After a challenging season on many levels, culminating in my father’s death from cancer just a few weeks before leaving for Iceland, I was more than ready for a nice, stress free trip with my 11 year old son, Will. Initially it appeared that the worst of the Eyafjallajokull volcano had passed, after it closed down a majority of the European airports for an unprecedented 6 days. But the week before departure, like many good volcanos do, it began spewing again. This time, instead of closing European airspace, the Reykjavik airport closed for several days. As we watched very closely, it became clear that there was no way of knowing if we would be able to land in Reykjavik, as opposed to landing in the remote Akureyri with a stopover in Scotland, until we were actually in transit. Not exactly what I was hoping for. It all depended on which direction the wind was blowing. I contacted Icelandic Air the morning of our departure and they were still uncertain if we would be able to land in Reykjavik. It wasn't until we arrived in Boston that we learned that we would be the first flight in many days to be allowed to land. We had a similar situation when we departed. The winds gods were definitely with us on our traveling days. We weren't so lucky, however, on race day.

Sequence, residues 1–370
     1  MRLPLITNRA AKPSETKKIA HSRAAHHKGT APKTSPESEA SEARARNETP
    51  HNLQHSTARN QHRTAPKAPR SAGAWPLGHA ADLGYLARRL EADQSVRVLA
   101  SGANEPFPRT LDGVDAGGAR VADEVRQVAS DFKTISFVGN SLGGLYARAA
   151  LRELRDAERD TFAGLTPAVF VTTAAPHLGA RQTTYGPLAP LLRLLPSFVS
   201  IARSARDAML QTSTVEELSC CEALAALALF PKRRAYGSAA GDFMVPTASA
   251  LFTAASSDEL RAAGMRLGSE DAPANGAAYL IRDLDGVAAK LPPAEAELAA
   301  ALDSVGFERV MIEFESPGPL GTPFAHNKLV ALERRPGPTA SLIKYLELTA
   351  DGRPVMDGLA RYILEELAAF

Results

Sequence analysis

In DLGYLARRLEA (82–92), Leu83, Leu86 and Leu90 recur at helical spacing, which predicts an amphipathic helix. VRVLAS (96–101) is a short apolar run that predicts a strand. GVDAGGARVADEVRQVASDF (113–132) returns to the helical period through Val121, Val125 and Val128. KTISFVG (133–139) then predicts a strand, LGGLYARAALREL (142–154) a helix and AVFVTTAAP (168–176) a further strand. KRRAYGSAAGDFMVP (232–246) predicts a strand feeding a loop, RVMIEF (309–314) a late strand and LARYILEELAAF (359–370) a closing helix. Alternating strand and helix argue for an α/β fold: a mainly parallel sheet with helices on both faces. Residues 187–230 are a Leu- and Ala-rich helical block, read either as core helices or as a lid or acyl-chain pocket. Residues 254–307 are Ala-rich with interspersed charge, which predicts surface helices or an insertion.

The day before the race was amazing; minimal wind, sunny and temps just above freezing. A perfect Klister day, or so I was told. Since I've only used Klister three times now, I didn't really feel qualified to make this call myself. Race day was supposed to be more of the same. I remember asking the locals about the weather prediction several times. It was supposed to be even nicer on race day. When we woke up race day, it was warm and calm. By the time Scott Ellertson, my other travel mate, and I made it up to the start of the race, the wind had picked up dramatically and it was cold. As we tried the recommended multigrade Klister out, it didn't take but a few strides to tell it wasn't going to work. Most of the skiers around us were struggling with what to do as well. Scott ended up with a couple layers of VR 50-65 over his Klister and I ended up with one. Nobody around us really seemed to be having great success and we definitely didn't know what would work. We found out after the race that scraping the Klister off and using a product called Ski Go was the application of choice.